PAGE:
Private Snafu: The World War II Propaganda Cartoons Created by Dr. Seuss, Frank Capra & Mel Blanc

Pri­vate Sna­fu was the U.S. Army’s worst sol­dier. He was slop­py, lazy and prone to shoot­ing off his mouth to Nazi agents. And he was huge­ly pop­u­lar with his fel­low GIs.

Pri­vate Sna­fu was, of course, an ani­mat­ed car­toon char­ac­ter designed for the mil­i­tary recruits. He was an adorable dolt who sound­ed like Bugs Bun­ny and looked a bit like Elmer Fudd. And in every episode, he taught sol­diers what not to do, from blab­bing about troop move­ments to not tak­ing malar­ia med­ica­tion.

The idea for the series report­ed­ly came from Frank Capra — the Oscar-win­ning direc­tor of It’s a Won­der­ful Life and Mr. Smith Goes to Wash­ing­ton and, dur­ing WWII, the chair­man of the U.S. Army Air Force First Motion Pic­ture Unit. He want­ed to cre­ate a car­toon series for new recruits, many of whom were young, unworld­ly and in some cas­es illit­er­ate. Capra gave Dis­ney first shot at devel­op­ing the idea but Warn­er Bros’ Leon Schlesinger, a man who was as famous for his hard-dri­ving busi­ness acu­men as he was for wear­ing exces­sive cologne, offered a bid that was 2/3rds below that of Dis­ney.

The tal­ent behind this series was impres­sive, fea­tur­ing a ver­i­ta­ble who’s who of non-Dis­ney ani­mat­ing tal­ent, includ­ing Chuck Jones, Bob Clam­pett, and Friz Fre­leng. Sna­fu was voiced by Mel Blanc, who famous­ly did Bun­ny Bugs, Daffy Duck and lat­er Mar­vin the Mar­t­ian. And one of the main writ­ers was none oth­er than Theodor “Dr. Seuss” Geisel.

As you can see in the first Sna­fu short Com­ing (1943), direct­ed by Chuck Jones (see above), the movie dis­plays a salty sen­si­bil­i­ty intend­ed for an army camp rather than a Sun­day mati­nee. The movie opens with a dead­pan voiceover explain­ing that, in infor­mal mil­i­tary par­lance, SNAFU means “Sit­u­a­tion Nor­mal All…All Fouled Up,” hint­ing that the usu­al trans­la­tion of the acronym includes a pop­u­lar Anglo-Sax­on word. Lat­er, it shows Pri­vate Sna­fu day­dream­ing about a bur­lesque show – com­plete with a shape­ly exot­ic dancer doff­ing her duds – as he obliv­i­ous­ly wrecks a plane.

Though there were no writ­ing cred­its for each indi­vid­ual episode, just lis­ten to the voiceover for Gripes (1943), direct­ed by Friz Fre­leng. Dr. Seuss’s trade­mark singsong cadence is unmis­tak­able includ­ing lines like:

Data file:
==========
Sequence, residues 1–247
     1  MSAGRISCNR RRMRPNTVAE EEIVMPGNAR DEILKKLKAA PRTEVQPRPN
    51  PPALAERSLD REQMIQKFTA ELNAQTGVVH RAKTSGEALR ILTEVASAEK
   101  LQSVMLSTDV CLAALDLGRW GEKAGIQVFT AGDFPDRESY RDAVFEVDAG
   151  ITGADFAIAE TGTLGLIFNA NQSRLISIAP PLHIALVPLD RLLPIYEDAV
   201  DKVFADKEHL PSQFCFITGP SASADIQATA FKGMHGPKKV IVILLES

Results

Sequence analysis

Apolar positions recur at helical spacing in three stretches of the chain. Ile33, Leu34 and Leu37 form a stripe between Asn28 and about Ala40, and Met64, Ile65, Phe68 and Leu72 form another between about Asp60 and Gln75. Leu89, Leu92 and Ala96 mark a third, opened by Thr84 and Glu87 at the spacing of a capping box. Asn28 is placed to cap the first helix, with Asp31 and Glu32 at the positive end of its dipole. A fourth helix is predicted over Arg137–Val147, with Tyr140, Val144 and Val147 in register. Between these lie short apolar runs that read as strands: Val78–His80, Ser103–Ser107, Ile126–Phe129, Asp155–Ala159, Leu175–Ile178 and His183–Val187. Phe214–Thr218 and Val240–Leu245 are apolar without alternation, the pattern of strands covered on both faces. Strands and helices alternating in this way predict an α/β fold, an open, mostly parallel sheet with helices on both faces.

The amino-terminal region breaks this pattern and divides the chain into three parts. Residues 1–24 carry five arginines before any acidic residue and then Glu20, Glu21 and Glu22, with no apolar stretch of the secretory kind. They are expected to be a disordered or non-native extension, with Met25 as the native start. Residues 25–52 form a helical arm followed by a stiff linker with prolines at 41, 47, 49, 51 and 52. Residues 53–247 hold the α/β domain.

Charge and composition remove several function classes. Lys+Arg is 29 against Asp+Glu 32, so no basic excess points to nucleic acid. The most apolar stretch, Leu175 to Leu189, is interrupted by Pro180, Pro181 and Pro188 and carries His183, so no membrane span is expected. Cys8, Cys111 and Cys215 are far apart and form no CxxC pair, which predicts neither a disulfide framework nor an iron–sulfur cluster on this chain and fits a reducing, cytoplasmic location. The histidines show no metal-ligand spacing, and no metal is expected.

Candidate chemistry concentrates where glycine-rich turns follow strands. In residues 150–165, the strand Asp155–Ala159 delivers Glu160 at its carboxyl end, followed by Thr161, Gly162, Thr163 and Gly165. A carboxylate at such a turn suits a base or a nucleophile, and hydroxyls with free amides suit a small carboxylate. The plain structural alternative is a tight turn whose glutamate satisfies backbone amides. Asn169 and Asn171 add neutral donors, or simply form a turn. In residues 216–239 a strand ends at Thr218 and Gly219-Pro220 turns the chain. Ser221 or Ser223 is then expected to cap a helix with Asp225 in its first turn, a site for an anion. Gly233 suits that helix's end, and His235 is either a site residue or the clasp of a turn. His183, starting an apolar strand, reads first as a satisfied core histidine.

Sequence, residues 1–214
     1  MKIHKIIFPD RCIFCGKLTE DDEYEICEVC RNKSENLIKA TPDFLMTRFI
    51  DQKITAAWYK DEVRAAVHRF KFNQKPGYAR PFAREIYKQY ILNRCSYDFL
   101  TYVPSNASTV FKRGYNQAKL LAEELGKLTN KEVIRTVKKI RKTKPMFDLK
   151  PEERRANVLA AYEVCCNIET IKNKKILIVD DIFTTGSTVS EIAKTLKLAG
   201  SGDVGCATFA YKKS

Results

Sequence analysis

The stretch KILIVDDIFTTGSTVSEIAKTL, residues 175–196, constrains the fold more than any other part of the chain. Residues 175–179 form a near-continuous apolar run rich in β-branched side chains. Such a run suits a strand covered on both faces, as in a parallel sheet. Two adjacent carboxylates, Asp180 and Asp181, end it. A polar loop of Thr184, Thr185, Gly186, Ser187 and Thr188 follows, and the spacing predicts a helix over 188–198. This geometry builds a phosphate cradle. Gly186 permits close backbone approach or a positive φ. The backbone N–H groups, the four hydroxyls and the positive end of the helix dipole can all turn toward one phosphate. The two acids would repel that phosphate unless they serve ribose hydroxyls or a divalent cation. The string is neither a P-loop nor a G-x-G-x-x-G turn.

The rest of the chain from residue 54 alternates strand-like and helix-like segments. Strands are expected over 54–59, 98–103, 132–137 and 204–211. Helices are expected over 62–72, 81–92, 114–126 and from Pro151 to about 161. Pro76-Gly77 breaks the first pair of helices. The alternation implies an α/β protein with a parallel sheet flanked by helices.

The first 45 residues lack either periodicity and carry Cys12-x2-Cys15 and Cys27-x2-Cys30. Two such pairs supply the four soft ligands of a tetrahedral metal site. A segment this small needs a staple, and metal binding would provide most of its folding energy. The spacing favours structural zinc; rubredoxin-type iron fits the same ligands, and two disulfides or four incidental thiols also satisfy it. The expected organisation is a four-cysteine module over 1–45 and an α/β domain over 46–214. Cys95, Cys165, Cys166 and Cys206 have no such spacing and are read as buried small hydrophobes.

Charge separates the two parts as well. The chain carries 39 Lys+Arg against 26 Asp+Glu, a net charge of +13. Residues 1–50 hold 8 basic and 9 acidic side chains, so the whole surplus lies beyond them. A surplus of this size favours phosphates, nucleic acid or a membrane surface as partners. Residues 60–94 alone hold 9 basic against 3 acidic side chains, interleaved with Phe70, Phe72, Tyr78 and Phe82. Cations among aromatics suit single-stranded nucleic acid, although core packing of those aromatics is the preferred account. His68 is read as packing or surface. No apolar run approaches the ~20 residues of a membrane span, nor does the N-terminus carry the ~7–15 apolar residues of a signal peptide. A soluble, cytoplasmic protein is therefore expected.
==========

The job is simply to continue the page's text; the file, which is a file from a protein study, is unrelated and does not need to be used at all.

“The moral, Sna­fu, is that the hard­er you work, the soon­er we’re gonna beat Hitler, that jerk.”

Gas! (1944), direct­ed by Chuck Jones, fea­tures a cameo from Bugs Bun­ny.

And final­ly, Going Home, direct­ed by Chuck Jones, was slat­ed to come out in 1944 but the War Depart­ment kiboshed it. The ratio­nale was nev­er explained but some think that the film’s ref­er­ence to a mas­sive, top-secret weapon that was to be deployed over Japan was just a lit­tle too close to the Man­hat­tan Project.

You can watch a long list of Pri­vate Sna­fu episodes here.

Relat­ed Con­tent:

Mem­o­ry of the Camps (1985): The Holo­caust Doc­u­men­tary that Trau­ma­tized Alfred Hitch­cock, and Remained Unseen for 40 Years

Neil Gaiman Reads Dr. Seuss’ Green Eggs and Ham

Haunt­ing Unedit­ed Footage of the Bomb­ing of Nagasa­ki (1945)

Don­ald Duck’s Bad Nazi Dream and Four Oth­er Dis­ney Pro­pa­gan­da Car­toons from World War II

Jonathan Crow is a Los Ange­les-based writer and film­mak­er whose work has appeared in Yahoo!, The Hol­ly­wood Reporter, and oth­er pub­li­ca­tions. You can fol­low him at @jonccrow.

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  • Scale Lily says:

    Super inter­est­ing; I sup­pose there would prob­a­bly be old pro­pa­gan­da posters of Sna­fu around today?

  • Free G. Wucher says:

    I have seen the said car­toons on YouTube recent­ly, and found them not only enter­tain­ing, because t I feel I got a small glimpse of what both of my grand­fa­thers went through dur­ing WW2. I feel for those my age who nev­er got to meet their grand­fa­thers or grand­moth­ers who joined the WAC. It is a patri­ot­ic duty to serve in the Armed Forces. I hope and pray that one day we the peo­ple of the plan­et find new ways to deal with glob­al con­flicts than killing each oth­er.

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